Yesterday's initial public offering of HouseValues stock provided further evidence that investors have lost their post-crash skittishness about Internet-based IPOs. Bellevue-based HouseValues, along with...

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Yesterday’s initial public offering of HouseValues stock provided further evidence that investors have lost their post-crash skittishness about Internet-based IPOs.

Bellevue-based HouseValues, along with several of its investors and executives, sold 6.25 million shares at $15 apiece yesterday — the high end of its estimated price range, which itself had been raised earlier this week.

Originally, HouseValues had said it expected the shares to sell for $10 to $12 apiece.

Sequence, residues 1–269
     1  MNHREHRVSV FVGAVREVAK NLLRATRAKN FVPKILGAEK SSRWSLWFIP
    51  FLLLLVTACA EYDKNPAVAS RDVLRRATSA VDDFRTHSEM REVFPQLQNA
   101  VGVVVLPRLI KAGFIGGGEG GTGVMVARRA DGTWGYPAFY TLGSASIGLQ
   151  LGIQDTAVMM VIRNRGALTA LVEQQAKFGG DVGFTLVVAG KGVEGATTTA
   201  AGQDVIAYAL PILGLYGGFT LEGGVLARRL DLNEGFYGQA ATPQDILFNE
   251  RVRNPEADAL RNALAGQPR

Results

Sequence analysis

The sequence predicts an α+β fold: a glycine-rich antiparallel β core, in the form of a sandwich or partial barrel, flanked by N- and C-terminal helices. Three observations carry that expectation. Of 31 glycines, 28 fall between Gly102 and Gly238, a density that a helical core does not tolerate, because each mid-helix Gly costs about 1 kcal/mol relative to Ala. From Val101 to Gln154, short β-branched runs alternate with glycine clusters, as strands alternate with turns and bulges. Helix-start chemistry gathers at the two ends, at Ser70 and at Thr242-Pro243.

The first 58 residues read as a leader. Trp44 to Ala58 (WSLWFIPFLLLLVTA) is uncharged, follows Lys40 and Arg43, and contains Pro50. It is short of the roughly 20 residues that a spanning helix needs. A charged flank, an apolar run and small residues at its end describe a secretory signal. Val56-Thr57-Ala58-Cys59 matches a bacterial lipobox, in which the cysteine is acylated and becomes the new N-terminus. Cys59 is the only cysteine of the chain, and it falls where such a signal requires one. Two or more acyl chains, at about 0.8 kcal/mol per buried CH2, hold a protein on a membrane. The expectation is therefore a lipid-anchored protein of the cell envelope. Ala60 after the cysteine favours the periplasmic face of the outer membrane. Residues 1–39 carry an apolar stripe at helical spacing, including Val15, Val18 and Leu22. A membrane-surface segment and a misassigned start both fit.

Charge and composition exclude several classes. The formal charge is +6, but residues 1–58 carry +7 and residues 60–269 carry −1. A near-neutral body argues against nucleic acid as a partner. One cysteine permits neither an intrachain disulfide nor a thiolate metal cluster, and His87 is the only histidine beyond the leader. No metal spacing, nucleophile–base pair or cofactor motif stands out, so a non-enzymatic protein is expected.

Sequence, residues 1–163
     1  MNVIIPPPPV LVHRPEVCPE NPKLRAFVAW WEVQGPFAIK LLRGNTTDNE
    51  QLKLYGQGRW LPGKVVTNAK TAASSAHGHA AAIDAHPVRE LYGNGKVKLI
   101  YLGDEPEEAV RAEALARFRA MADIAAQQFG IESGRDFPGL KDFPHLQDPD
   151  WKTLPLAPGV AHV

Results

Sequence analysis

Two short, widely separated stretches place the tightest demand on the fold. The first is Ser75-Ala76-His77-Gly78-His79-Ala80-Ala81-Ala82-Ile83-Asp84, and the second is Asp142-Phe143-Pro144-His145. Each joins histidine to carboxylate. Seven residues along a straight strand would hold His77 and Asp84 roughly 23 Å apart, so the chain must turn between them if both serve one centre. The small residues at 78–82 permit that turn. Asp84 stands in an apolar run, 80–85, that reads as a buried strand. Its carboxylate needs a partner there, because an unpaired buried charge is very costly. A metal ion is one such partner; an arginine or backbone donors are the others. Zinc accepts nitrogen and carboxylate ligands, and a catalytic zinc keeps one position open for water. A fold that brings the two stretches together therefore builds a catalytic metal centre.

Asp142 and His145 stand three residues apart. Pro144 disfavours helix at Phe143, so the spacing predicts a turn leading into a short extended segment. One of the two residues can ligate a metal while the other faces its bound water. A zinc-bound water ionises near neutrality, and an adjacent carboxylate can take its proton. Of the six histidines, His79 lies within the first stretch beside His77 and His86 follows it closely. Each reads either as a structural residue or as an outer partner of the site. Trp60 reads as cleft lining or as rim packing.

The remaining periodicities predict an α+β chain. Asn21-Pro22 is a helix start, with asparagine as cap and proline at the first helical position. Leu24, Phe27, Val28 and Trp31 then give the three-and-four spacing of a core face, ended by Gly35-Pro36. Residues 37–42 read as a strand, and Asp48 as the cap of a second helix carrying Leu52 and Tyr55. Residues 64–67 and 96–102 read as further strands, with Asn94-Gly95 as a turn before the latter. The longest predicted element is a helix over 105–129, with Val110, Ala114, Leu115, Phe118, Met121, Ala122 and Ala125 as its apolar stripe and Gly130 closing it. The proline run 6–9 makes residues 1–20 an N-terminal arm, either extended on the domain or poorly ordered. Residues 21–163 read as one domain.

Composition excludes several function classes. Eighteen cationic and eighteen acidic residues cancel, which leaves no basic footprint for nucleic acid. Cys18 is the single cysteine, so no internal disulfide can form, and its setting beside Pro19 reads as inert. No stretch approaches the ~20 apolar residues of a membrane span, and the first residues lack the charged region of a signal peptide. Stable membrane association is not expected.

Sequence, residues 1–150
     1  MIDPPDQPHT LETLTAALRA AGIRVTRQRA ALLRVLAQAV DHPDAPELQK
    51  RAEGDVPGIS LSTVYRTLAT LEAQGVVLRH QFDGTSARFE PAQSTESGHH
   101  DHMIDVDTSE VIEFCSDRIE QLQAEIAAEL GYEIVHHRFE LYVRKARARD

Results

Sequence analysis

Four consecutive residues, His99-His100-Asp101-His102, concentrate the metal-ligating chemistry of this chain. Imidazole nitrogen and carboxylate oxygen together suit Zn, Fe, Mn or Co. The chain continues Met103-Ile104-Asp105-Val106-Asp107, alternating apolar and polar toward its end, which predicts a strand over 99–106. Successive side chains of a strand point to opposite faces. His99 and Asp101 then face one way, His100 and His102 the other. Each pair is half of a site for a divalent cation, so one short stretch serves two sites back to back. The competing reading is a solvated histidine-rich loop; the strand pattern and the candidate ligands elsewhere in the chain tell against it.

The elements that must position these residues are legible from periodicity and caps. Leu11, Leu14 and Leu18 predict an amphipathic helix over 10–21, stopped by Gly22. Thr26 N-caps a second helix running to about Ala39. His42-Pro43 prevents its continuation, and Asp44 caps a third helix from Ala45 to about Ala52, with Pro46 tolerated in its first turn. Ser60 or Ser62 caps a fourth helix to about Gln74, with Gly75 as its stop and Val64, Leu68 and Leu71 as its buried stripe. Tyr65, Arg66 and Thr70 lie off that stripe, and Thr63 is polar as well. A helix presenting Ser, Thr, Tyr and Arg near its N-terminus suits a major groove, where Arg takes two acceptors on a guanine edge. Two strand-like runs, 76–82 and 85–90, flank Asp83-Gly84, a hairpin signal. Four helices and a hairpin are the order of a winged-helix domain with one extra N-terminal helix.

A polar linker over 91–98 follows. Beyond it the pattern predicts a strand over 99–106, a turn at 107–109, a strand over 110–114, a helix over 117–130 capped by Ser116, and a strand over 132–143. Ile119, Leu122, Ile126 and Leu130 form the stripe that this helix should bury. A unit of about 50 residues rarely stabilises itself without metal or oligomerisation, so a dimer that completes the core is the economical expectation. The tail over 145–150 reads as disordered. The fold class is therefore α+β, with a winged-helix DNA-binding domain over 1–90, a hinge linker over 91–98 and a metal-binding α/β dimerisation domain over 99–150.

The shares began Nasdaq trading at $18.01, the sort of opening-day pop that hasn’t been seen much in recent years. But the shares gave back most of that gain, closing the day at $15.74.

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Still, the IPO has to be counted a success for pre-IPO investors and employees of HouseValues, which uses the Internet to connect real-estate agents with home buyers and sellers.

HouseValues, which sold 4,166,667 new shares in the IPO, grossed about $62.5 million from the deal; the selling shareholders grossed about $31.25 million.

It’s the biggest IPO by a Washington-based company since ZymoGenetics went public in January 2002.

HouseValues is the fourth local Internet company to go public this year — the most since 2000.

The other three companies — Marchex and Blue Nile of Seattle and Celebrate Express of Kirkland — are all trading above their IPO price; the latter two, like HouseValues, sold above their initial price range.

Drew DeSilver: 206-464-3145 or ddesilver@seattletimes.com